It’s a tough election cycle for both major parties in the United State, as they scramble to raise sums that will, so the general thought goes, exceed $1 billion. In a word, fundraising is key.
Eventbrite, the online event organizer and ticket sales behemoth, analyzed 7,000 political events hosted on its platform, leading to a set of exceptionally interesting statistics. We’re going to list the lot of them, and break them up into actionable knowledge following.
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From its report, political events are:
- Skewed heavily towards the Republican party: 71% of events have been hosted by Republicans.
- Most costly if a Democrat is involved: The average ticket price for a Democratic event is $115.53, far more than the GOP average of $31.50
- Better attended if for a Republican: Republican events attracted an average of 68 supporters, more than the 42 that hit up Democratic events.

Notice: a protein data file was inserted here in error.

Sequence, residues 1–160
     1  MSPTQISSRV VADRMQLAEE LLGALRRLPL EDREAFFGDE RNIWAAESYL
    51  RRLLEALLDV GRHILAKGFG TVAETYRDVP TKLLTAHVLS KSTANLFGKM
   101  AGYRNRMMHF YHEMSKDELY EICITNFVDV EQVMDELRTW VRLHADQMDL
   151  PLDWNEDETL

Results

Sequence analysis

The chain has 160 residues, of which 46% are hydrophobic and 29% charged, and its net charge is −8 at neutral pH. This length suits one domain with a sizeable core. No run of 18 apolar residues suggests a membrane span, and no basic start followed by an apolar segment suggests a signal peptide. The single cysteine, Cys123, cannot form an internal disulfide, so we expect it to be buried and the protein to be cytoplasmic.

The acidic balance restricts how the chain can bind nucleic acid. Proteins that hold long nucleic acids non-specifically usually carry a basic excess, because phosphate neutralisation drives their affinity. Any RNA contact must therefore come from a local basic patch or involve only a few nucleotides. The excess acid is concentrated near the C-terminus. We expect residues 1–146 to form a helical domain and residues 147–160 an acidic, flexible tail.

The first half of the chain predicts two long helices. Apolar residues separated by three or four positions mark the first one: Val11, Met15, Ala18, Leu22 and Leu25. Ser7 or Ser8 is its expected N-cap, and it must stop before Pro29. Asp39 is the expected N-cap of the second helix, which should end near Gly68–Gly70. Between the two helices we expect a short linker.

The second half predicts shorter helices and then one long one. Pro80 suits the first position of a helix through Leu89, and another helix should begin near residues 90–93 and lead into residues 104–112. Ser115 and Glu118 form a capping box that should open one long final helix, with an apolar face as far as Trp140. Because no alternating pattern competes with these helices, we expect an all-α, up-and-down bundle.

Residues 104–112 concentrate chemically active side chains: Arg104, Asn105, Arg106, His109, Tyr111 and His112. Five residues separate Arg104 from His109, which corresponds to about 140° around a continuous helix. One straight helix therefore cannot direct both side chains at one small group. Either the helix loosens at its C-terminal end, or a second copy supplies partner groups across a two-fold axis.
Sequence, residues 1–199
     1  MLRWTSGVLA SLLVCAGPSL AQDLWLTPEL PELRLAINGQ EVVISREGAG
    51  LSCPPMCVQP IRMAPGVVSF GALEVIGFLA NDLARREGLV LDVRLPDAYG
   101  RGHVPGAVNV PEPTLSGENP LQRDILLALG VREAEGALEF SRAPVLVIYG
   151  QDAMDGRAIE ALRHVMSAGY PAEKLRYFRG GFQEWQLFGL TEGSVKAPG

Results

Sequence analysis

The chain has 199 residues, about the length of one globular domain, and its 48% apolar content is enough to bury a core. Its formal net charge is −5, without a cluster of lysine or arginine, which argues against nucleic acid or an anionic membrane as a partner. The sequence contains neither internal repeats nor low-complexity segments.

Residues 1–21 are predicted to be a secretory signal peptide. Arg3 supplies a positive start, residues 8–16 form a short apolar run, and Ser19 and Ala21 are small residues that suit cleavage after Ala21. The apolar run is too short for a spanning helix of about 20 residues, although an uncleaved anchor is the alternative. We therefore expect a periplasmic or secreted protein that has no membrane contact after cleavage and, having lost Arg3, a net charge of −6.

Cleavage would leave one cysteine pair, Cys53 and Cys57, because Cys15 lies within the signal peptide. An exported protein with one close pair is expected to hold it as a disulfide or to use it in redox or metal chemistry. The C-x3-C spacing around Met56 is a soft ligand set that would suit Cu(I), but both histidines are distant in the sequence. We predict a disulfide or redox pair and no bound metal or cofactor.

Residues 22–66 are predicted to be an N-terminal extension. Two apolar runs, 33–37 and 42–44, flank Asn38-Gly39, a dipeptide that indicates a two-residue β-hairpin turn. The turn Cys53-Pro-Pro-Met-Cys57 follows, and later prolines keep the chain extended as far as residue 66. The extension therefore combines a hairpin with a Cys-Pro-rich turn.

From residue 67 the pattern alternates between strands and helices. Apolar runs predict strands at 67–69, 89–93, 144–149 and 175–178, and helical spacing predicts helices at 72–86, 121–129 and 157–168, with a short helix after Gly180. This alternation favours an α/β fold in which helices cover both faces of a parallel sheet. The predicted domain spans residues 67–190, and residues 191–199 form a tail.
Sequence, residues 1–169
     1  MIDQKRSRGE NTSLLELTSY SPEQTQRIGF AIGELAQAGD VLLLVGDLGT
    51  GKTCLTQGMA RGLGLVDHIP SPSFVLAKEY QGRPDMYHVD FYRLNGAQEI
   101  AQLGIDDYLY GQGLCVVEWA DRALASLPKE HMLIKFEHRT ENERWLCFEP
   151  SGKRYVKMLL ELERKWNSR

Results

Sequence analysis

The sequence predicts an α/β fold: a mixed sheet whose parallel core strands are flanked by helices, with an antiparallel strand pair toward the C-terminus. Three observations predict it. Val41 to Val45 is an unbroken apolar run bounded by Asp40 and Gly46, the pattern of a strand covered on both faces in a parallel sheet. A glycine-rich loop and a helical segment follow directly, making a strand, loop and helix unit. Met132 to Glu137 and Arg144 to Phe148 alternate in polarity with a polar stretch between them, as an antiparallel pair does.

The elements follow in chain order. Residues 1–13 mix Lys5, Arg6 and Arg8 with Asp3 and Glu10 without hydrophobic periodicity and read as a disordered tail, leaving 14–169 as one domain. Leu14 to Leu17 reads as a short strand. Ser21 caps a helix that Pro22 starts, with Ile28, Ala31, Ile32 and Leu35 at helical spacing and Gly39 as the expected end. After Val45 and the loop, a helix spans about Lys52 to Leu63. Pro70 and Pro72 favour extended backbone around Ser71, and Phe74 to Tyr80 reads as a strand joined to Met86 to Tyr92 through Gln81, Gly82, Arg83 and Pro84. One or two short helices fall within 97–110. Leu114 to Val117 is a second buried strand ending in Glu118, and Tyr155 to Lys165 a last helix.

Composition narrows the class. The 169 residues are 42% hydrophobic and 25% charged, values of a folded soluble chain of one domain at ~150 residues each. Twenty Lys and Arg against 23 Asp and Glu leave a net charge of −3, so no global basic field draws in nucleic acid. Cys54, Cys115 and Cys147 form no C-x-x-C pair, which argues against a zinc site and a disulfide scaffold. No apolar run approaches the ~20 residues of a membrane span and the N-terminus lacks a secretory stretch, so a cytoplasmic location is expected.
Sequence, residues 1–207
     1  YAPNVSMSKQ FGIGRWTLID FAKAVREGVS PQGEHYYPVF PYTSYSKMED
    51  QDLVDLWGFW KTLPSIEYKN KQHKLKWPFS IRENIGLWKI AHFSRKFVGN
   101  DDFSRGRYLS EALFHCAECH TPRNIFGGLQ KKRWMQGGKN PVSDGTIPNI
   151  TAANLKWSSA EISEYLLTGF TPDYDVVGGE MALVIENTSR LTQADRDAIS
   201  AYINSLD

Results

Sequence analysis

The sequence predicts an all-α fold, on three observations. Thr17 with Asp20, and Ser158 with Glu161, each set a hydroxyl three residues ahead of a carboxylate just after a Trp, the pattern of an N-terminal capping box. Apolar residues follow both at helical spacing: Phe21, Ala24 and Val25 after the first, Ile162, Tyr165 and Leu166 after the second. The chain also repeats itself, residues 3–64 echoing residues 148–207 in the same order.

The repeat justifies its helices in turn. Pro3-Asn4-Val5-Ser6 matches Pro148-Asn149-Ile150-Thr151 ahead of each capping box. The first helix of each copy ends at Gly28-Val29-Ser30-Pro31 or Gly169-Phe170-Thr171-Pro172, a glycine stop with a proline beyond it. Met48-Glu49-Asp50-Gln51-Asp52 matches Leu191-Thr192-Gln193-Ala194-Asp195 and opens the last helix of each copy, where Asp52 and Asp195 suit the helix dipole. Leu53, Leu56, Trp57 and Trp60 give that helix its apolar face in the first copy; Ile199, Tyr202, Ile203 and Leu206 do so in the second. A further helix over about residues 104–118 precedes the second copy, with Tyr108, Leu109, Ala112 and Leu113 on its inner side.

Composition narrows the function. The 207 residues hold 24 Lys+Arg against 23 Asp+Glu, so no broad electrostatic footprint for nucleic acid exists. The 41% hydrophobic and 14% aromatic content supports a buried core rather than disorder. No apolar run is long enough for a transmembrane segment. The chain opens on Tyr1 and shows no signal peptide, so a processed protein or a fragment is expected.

- More likely to be free if hosted by the GOP: 77% of Republican events are free, true for only 63% of Democratic events.
Not all of that is surprising, as it’s quite interlinked. Free events attract more participants than paid events, boosting the attendee figures for Republicans while simultaneously lowering their average ticket price. Still, the total gap in the figures is interesting: a mere 14% difference in free events can’t account for an $84.03 per ticket advantage for the Democrats. That amount of money is material and non-trivial.
Perhaps most critical is the total number of Republican events over Democratic shin-digs: 71:29, on a percentage basis. That’s stunning. Ideas: The popular Tea Party movement lead to an explosion in self-hosted events; Eventbrite would be an obvious choice for such an event.
And, as Democratic events are more expensive per head on average, it’s somewhat logical that they would tend towards platforms other than Eventbrite. TNW, for example, built Paydro out of our frustration with online ticket processing.
Still, the figures could be indicative of an enthusiasm gap between the two parties; if Republicans are attracting more boots on the ground, that could be a better indicator of what to expect come November than polling data which tries to extrapolate how emotion may turn into action.
For now, on the circus cavorts.
Top Image Credit: Alex S. Bayley